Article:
Improving lives through exercise


TODAY is April 2, and while it's yet another Tuesday to most of us, it's also World Autism Awareness Day.

As such, we now have a chance to show our support for people living with the challenges of autism, their families and perhaps even organisations out there that show them their due respect and empower them.

This is why I am highlighting Care2Run and the work they do every Sunday at Taman Aman in Petaling Jaya to help children, teenagers and young adults with autism, Attention Deficit Hyperactivity Disorder (ADHD), Down Syndrome among other challenges.

Speaking to Care2Run co-founder Prem Kumar Ramadas, I got a better idea of how Care2Run operates and why it meets every Sunday to help people with intellectual challenges.

"Our use of Taman Aman started with our participation in the Bursa Para Run 2018. As part of that initiative, we had people with physical disabilities and learning challenges, so we wanted to be in a park that accommodates people with such challenges," said Prem.

He said that Care2Run began in 2015, and shared with me how it began working with children and youth with learning challenges.

"We did research beforehand to find out what was needed by the community in Petaling Jaya and found that there was an under-served community in schools from dysfunctional and poor families that did not belong to a welfare home," said Prem.

"In the beginning it was predominantly for high-risk children, eventually parents who saw us while we were working with children at the University of Malaya asked us if we could work with children with learning challenges. That was the beginning of phase two for Care2Run," he added.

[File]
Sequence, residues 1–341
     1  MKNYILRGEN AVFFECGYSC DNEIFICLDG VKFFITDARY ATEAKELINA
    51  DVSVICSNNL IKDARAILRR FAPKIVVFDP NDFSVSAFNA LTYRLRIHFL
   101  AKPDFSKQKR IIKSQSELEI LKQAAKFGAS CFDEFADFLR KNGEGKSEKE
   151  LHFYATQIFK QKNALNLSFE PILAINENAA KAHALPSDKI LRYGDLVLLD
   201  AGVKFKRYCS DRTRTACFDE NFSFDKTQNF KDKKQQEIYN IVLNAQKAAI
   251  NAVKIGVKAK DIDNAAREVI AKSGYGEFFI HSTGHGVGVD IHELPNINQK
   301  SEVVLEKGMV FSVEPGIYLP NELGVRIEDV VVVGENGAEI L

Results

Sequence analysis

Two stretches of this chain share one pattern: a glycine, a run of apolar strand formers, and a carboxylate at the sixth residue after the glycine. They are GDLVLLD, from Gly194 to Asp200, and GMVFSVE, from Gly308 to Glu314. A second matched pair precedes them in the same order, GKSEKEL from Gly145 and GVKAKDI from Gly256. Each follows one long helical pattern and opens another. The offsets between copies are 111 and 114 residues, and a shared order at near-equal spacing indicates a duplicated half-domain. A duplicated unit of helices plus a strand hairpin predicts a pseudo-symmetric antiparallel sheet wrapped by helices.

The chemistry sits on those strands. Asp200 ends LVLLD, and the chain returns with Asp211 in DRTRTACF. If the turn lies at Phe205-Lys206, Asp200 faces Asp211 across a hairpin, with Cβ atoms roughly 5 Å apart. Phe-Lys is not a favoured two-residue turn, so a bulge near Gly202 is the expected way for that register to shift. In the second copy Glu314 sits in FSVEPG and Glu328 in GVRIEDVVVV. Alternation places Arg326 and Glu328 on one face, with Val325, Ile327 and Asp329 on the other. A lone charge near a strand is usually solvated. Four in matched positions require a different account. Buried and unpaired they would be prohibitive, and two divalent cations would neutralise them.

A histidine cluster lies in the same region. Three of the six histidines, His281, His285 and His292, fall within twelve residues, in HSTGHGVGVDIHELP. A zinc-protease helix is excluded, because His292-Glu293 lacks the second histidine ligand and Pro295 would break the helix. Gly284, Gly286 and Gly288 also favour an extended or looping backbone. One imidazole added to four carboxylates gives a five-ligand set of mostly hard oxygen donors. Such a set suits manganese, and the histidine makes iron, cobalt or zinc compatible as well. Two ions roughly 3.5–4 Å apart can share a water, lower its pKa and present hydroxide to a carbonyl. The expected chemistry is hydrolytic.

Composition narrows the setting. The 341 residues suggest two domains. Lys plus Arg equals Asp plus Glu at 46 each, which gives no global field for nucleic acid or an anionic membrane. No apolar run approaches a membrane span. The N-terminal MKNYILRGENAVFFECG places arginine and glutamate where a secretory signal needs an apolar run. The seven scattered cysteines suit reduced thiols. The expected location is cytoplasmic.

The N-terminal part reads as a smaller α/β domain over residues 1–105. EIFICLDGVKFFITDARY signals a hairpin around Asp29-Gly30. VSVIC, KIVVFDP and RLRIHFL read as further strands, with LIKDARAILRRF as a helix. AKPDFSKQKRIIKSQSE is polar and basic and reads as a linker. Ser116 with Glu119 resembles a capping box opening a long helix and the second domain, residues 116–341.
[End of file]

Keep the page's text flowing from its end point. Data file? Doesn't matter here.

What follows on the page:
Prem said that Care2Run had operated at several places before coming to Taman Aman, adding that they shifted to Taman Aman as the park is very friendly for people with disabilities.

He also said that Care2Run worked with three schools up to 2018 as part of the school's co-curricular activities - SMK Sri Permata, SMK Kelana Jaya and SMK Sunway.

"We are going to be expanding to different schools which have students with learning challenges in 2019. Currently we are working with adolescents with learning challenges who are not with any schools. Those in our programme right now came in through word of mouth," said Prem.

He explained that on an average Sunday, Care2Run aims to support 20 youth with learning challenges from the age of nine to 34 and support is on a one-to-one basis.

Prem also shared with me how Care2Run designs the sporting activities in which the 20 youth participate in - a form of sports Care2Run calls "developmental sports".

"Developmental sports are sports that recognize individual learning needs. We do not compete with each other, we compete with ourselves to do better. For example, we have combined the traditional hopscotch with an exercise ladder and developmental education as a way to teach them numbers," said Prem

"Our hypothesis is that developmental sports can help young people with learning challenges to be more active, and enhance quality of life and cognitive functions," he added.